Vivian O. was born in the outskirts of Kisumu, Kenya, and is said to have entered the world smiling. Life for Vivian and others in her rural fishing village was challenging, requiring families to rely on ingenuity and perseverance in the face of little resources. With the support of her family and her local community, the opportunities created by U.S. assistance programs, and the force of her determination, Vivian would achieve more than she’d ever imagined.
By the time Vivian finished fourth grade, her mother had a stable job selling used clothes in the open-air market in Kisumu. Girls in rural communities like Vivian’s typically receive a low level of schooling. However, having completed high school herself, Vivian’s mother prized education and overcame obstacles to enroll Vivian in a proper primary school. Vivian was one of the top students in her province and eventually secured a place at Starehe Girls’ Centre, a highly competitive secondary school for gifted girls.
While in high school, Vivian became a member of the Global Give Back Circle, a circle of empowerment designed to transition a girl from poverty to prosperity. The program mentors and supports girls so they can successfully transition from high school to college to a career and to global citizenship. As the girls graduate, they commit to mentoring the next generation of girls in the circle.
In 2011, USAID announced a $3.5 million award for the education and empowerment of girls through the Global Give Back Circle. The award is matched by an additional $3.5 million in private sector funds through a Clinton Global Initiative Commitment, so that the program can help over 500 Kenyan girls progress to higher levels of education and employment. The process is implemented by the Kenya Community Development Foundation—a program by Kenyans for Kenyans.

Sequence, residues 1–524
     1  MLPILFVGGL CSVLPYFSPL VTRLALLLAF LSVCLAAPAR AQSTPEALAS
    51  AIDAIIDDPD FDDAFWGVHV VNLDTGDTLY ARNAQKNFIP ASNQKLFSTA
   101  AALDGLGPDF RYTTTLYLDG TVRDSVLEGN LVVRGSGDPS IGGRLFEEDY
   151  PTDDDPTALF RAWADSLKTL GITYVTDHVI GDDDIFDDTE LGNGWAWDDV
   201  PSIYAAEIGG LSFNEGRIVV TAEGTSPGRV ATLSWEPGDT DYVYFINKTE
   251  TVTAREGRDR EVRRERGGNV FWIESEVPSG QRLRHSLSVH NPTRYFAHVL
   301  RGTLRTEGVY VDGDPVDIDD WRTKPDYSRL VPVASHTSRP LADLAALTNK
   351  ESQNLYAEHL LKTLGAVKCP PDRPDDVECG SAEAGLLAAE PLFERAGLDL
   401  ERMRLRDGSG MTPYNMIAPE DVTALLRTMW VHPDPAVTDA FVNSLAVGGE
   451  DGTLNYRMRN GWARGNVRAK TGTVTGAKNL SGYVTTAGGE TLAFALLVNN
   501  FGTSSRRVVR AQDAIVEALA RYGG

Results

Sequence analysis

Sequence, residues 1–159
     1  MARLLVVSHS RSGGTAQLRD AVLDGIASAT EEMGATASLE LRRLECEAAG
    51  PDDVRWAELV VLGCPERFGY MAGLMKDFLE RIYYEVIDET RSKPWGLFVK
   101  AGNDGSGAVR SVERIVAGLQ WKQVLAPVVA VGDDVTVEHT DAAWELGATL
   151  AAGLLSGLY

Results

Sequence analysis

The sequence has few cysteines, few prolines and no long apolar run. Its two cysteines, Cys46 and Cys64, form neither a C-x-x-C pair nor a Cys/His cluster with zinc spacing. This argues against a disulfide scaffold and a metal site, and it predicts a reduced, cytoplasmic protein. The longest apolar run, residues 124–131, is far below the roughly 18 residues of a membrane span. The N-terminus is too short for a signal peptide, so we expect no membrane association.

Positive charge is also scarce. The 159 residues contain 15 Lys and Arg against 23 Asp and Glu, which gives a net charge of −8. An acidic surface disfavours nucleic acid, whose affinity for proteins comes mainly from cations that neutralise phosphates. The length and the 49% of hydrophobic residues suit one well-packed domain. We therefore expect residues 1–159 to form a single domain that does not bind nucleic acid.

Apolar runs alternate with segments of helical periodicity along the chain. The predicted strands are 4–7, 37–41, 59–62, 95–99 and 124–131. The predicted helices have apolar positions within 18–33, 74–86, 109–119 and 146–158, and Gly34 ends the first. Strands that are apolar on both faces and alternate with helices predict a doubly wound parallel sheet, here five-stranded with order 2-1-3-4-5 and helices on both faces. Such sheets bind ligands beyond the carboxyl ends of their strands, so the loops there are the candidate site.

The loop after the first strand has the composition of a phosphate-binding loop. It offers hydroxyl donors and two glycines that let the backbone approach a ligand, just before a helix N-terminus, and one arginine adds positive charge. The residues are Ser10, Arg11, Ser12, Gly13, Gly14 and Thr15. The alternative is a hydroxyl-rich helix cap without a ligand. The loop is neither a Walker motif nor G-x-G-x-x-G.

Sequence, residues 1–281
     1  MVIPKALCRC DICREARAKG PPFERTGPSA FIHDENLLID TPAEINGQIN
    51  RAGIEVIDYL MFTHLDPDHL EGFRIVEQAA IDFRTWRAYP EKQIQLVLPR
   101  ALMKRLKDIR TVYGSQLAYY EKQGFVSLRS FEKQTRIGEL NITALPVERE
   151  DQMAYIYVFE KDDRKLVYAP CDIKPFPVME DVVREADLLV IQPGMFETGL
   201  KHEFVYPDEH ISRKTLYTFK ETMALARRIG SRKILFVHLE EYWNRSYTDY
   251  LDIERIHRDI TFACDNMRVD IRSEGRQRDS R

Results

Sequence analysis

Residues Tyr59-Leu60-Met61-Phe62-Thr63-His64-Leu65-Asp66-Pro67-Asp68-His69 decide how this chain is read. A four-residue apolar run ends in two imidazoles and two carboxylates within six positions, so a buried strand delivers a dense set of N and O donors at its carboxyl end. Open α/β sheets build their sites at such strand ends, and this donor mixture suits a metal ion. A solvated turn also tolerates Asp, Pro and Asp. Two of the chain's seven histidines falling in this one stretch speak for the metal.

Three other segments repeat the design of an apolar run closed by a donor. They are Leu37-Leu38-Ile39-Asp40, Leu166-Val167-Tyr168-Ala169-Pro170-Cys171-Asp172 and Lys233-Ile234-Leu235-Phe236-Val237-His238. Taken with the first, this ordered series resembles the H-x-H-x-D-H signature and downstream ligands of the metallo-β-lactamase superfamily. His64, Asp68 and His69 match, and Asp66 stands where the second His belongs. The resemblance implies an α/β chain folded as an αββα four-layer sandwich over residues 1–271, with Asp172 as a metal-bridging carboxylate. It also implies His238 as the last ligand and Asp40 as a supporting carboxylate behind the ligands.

Vivian has had many opportunities through the Global Give Back Circle. She completed a nine-month Microsoft IT course, which allowed her to access educational resources online, research colleges, and obtain a full scholarship to a U.S. college. She is studying pre-med and IT, aspiring to give back by helping millions through the connection of technology and medicine. Vivian met the U.S. Ambassador to Kenya, Michael Ranneberger, and pledged to actively participate in improving investments in people in Kenya. As a result, she made presentations to private sector CEOs in Kenya and invited them to invest in girls. Vivian says, “I feel privileged and honored to be able to be a voice for the empowerment of girls in my country.”